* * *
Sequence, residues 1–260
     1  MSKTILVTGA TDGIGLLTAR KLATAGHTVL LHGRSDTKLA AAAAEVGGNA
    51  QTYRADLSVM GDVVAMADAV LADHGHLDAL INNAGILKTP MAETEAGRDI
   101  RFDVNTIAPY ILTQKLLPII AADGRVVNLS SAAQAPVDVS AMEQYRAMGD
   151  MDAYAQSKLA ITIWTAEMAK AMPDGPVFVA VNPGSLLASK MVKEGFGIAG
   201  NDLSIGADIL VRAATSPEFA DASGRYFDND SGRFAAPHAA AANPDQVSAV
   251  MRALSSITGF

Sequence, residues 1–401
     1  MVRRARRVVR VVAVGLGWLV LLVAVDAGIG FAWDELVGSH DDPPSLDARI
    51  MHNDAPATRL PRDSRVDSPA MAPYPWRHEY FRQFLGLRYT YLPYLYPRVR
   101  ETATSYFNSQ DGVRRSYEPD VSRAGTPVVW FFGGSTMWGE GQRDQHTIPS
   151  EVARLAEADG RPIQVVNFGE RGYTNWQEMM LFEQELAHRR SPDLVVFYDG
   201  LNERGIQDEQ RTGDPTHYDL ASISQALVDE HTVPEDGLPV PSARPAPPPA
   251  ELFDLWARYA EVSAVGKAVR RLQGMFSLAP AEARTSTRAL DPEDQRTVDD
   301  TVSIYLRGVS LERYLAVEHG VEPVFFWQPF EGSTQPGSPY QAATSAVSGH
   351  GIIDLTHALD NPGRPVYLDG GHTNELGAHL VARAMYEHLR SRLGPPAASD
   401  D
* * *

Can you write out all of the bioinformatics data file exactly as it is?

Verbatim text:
Sequence, residues 1–260
     1  MSKTILVTGA TDGIGLLTAR KLATAGHTVL LHGRSDTKLA AAAAEVGGNA
    51  QTYRADLSVM GDVVAMADAV LADHGHLDAL INNAGILKTP MAETEAGRDI
   101  RFDVNTIAPY ILTQKLLPII AADGRVVNLS SAAQAPVDVS AMEQYRAMGD
   151  MDAYAQSKLA ITIWTAEMAK AMPDGPVFVA VNPGSLLASK MVKEGFGIAG
   201  NDLSIGADIL VRAATSPEFA DASGRYFDND SGRFAAPHAA AANPDQVSAV
   251  MRALSSITGF

Sequence, residues 1–401
     1  MVRRARRVVR VVAVGLGWLV LLVAVDAGIG FAWDELVGSH DDPPSLDARI
    51  MHNDAPATRL PRDSRVDSPA MAPYPWRHEY FRQFLGLRYT YLPYLYPRVR
   101  ETATSYFNSQ DGVRRSYEPD VSRAGTPVVW FFGGSTMWGE GQRDQHTIPS
   151  EVARLAEADG RPIQVVNFGE RGYTNWQEMM LFEQELAHRR SPDLVVFYDG
   201  LNERGIQDEQ RTGDPTHYDL ASISQALVDE HTVPEDGLPV PSARPAPPPA
   251  ELFDLWARYA EVSAVGKAVR RLQGMFSLAP AEARTSTRAL DPEDQRTVDD
   301  TVSIYLRGVS LERYLAVEHG VEPVFFWQPF EGSTQPGSPY QAATSAVSGH
   351  GIIDLTHALD NPGRPVYLDG GHTNELGAHL VARAMYEHLR SRLGPPAASD
   401  D